Biology requires extraordinary coordination to achieve its collective function. 70 Trillion human cells is an impossible number to wrap one’s mind around.

For that galaxy of cells to maintain all its compartmentalized duties – liver, kidneys, brain, bone, muscle, each cell knowing its unique identity and function in the context of the greater whole seems to me the very definition of miracle.

It is all achieved through extraordinary communication. The endocrine system is composed of the eloquent network of glands – pituitary, thyroid, adrenals, bone, pancreas, ovaries and beyond. The hormones produced by each gland serve specific roles in the coordination of the symphony of the human body. There are hundreds of hormones produced in the human body, but only roughly 50 of these have been named and functionally characterized. The longer I have practiced medicine the more humbled I become in the face of the extraordinary intelligence of this system that we have only begun to understand.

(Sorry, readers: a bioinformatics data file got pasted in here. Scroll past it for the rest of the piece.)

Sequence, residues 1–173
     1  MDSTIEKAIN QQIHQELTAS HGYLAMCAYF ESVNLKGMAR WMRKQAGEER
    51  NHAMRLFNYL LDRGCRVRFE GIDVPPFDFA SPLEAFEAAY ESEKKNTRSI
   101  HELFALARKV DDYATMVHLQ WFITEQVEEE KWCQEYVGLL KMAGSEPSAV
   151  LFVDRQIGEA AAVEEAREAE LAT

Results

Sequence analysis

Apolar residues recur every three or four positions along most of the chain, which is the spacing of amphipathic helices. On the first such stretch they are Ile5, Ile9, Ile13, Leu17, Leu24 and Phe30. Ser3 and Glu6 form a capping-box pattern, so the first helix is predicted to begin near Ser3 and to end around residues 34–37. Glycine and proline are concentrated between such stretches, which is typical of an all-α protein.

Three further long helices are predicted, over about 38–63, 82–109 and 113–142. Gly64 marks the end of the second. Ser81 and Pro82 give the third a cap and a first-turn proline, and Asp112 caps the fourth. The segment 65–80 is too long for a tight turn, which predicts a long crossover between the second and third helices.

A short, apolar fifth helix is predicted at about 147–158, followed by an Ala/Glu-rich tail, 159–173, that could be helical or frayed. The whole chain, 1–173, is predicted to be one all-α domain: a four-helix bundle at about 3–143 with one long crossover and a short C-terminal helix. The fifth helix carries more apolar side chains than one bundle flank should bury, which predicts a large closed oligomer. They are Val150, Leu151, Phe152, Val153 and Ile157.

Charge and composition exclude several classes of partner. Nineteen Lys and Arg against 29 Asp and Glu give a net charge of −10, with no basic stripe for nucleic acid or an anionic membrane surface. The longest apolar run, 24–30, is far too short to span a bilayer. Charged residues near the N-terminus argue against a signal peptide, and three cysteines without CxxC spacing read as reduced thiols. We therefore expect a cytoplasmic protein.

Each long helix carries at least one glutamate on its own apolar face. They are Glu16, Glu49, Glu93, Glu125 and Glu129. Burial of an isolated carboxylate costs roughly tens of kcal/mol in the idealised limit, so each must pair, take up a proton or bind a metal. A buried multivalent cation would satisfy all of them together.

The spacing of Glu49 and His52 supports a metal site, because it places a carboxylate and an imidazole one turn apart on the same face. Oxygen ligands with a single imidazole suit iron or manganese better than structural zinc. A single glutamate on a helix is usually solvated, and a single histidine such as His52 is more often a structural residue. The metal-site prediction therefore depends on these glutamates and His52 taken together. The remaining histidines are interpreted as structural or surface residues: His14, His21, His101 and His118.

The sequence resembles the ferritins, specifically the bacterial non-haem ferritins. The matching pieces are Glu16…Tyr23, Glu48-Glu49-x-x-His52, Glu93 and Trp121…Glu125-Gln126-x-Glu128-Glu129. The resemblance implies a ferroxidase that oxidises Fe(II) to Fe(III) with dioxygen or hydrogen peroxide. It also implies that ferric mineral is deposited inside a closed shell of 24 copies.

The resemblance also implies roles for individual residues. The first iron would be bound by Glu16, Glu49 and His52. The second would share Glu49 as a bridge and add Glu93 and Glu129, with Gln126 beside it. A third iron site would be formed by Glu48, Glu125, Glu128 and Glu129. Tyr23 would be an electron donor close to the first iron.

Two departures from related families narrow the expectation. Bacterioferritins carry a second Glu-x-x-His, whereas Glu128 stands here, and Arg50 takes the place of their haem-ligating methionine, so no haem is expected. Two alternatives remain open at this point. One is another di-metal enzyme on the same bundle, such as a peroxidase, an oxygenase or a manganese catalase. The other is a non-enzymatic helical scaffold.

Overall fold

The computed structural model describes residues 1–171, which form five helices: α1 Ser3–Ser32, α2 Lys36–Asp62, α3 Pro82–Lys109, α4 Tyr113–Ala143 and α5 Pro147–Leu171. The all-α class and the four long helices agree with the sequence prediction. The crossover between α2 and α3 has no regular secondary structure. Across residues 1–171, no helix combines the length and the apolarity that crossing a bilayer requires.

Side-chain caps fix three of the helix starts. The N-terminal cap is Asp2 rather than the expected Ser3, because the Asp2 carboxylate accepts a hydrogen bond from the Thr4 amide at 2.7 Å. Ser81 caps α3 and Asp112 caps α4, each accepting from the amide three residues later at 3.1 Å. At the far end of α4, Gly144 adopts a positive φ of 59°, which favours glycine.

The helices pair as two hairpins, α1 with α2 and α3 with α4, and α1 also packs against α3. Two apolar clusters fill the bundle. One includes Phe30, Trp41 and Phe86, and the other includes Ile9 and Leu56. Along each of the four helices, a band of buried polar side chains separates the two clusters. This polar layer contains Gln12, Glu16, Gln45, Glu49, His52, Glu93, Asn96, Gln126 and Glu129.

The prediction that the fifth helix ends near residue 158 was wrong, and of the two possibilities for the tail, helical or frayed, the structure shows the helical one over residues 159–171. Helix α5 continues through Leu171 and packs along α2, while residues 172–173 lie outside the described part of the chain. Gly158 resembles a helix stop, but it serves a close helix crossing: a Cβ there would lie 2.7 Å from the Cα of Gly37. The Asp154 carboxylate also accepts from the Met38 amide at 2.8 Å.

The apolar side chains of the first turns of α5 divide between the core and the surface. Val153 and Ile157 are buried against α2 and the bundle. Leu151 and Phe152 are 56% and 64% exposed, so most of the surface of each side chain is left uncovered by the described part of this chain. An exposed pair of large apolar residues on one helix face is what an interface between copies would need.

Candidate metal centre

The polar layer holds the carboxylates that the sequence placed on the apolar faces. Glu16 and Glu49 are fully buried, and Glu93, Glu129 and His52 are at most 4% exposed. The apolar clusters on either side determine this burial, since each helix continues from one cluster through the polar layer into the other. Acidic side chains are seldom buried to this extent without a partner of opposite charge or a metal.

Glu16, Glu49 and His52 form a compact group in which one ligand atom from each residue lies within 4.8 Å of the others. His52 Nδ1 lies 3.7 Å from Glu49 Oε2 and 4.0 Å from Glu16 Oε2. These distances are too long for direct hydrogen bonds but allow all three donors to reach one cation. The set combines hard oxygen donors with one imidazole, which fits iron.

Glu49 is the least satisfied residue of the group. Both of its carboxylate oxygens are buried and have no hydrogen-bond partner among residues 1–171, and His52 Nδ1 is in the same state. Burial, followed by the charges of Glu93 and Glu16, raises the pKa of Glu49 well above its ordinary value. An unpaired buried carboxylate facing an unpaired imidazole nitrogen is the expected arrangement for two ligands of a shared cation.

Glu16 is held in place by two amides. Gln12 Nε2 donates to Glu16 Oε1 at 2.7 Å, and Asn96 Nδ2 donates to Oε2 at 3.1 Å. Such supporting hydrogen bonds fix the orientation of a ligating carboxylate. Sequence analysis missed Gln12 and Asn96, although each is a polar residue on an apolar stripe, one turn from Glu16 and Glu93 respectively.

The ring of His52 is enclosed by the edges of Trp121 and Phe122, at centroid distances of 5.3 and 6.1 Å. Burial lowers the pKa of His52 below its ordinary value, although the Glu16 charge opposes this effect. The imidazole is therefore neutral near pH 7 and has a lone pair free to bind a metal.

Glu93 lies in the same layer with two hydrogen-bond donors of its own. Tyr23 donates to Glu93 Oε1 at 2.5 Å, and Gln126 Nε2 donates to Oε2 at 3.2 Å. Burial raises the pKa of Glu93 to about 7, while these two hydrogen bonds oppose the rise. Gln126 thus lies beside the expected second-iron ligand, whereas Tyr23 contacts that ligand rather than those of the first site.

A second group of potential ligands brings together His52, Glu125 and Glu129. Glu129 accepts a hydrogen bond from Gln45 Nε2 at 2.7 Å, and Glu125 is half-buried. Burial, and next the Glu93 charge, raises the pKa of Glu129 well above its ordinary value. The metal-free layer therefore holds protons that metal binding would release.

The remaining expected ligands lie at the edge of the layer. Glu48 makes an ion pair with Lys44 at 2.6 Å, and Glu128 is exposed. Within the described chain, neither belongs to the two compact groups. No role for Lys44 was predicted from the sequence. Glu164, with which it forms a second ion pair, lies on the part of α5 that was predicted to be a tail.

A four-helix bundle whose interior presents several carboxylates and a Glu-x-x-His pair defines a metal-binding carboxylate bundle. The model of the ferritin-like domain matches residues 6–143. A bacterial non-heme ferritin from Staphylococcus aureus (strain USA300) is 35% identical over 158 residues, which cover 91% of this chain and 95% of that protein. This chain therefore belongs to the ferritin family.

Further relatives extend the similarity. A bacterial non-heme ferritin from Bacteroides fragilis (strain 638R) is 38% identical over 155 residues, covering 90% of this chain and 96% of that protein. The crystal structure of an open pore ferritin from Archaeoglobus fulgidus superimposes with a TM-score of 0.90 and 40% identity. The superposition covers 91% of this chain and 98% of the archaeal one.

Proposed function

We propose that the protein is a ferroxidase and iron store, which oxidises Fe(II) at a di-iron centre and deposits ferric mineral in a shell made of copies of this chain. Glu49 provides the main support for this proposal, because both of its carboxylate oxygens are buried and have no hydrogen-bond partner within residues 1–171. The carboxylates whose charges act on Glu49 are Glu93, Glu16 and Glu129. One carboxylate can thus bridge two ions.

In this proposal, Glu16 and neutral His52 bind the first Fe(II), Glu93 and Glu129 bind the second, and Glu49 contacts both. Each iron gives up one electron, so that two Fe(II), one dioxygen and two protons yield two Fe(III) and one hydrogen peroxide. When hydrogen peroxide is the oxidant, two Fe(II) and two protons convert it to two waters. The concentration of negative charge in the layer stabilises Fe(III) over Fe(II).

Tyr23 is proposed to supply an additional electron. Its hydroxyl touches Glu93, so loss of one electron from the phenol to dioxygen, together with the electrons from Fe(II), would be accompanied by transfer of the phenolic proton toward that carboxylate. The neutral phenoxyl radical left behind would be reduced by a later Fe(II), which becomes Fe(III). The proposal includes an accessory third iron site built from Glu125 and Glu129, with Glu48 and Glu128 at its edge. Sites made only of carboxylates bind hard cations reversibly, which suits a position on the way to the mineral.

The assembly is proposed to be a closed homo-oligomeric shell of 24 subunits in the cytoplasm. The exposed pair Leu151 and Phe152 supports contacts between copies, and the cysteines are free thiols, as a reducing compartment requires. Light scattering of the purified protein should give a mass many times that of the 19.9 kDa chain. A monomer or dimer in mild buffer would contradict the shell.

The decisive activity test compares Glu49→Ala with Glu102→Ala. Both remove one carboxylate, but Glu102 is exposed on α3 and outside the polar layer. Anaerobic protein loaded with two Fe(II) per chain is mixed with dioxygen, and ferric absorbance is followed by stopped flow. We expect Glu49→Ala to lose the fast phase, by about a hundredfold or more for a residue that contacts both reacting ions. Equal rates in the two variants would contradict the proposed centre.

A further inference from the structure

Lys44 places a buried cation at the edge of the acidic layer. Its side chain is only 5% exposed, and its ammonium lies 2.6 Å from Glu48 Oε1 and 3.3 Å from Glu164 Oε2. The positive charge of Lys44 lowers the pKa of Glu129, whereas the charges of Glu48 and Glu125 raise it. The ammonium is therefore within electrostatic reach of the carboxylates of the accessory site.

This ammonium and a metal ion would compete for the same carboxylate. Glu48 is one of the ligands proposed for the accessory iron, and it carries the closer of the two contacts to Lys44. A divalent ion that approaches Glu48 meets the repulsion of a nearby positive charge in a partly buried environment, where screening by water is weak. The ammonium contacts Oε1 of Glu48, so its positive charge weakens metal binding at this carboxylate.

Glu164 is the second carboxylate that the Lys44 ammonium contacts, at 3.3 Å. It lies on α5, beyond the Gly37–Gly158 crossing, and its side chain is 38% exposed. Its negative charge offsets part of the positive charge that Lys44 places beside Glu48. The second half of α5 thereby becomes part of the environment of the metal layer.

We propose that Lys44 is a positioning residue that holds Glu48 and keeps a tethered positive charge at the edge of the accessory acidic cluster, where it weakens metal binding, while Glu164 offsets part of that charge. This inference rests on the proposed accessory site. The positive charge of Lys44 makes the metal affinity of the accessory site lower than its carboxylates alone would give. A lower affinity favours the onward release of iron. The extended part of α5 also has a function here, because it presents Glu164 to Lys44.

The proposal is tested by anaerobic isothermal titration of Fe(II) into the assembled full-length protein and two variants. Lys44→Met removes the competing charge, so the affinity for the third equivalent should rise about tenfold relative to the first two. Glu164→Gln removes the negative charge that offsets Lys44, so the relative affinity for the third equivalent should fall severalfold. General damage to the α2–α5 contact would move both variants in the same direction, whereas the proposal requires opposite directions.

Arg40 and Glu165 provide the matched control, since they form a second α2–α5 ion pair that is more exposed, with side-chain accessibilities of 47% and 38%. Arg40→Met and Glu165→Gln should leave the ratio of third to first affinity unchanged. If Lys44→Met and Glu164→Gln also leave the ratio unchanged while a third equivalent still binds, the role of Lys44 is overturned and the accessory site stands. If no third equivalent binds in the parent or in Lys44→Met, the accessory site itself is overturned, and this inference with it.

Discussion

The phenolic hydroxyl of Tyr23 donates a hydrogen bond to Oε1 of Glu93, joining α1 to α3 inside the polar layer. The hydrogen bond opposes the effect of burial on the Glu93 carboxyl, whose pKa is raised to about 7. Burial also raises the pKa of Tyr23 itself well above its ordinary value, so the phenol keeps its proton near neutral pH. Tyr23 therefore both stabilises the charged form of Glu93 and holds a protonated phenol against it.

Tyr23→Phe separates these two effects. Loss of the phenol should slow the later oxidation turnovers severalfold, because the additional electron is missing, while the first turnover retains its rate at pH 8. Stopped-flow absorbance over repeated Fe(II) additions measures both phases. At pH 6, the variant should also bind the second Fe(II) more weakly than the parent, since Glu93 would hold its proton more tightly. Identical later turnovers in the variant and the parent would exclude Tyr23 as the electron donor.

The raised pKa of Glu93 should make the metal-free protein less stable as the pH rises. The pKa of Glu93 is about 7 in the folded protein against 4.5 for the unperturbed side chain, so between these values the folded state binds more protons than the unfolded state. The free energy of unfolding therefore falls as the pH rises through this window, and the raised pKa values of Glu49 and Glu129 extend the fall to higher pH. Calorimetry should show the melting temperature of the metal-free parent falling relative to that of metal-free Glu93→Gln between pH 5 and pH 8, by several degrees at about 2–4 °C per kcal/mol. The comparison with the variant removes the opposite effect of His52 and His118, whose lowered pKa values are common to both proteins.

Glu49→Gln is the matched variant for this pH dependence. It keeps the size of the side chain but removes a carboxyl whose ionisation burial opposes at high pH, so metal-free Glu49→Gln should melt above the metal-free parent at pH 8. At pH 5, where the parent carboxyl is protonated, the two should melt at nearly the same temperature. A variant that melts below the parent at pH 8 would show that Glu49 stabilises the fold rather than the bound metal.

From that view point is astonishing to me that functional medicine and classic allopathic pharmaceutical medicine alike are so cavalier in the use of exogenous hormones. From prednisone to insulin, from thyroid hormone to estrogen, we act as if we know how to wield these single hormones in a biologically intelligent fashion.

The endocrine system is an ever-moving target, for every action is an immediate reaction from the other hundreds of hormones. Receptors for each hormone can be created in more or less abundance as well.

Thousands of genes are affected by something as simple as the steroid hormone of Vitamin D. We are foolish to think we are smart enough to micromanage the endocrine system. Instead, we should strive to alter this system as little as possible, and instead come to understand how our connection to nature can balance this eloquent system without manipulation from our pharmaceutical war chest. To get there, doctors, we will have to listen closely to our patients, and look deep into our environment for new solutions to recover our endocrine systems.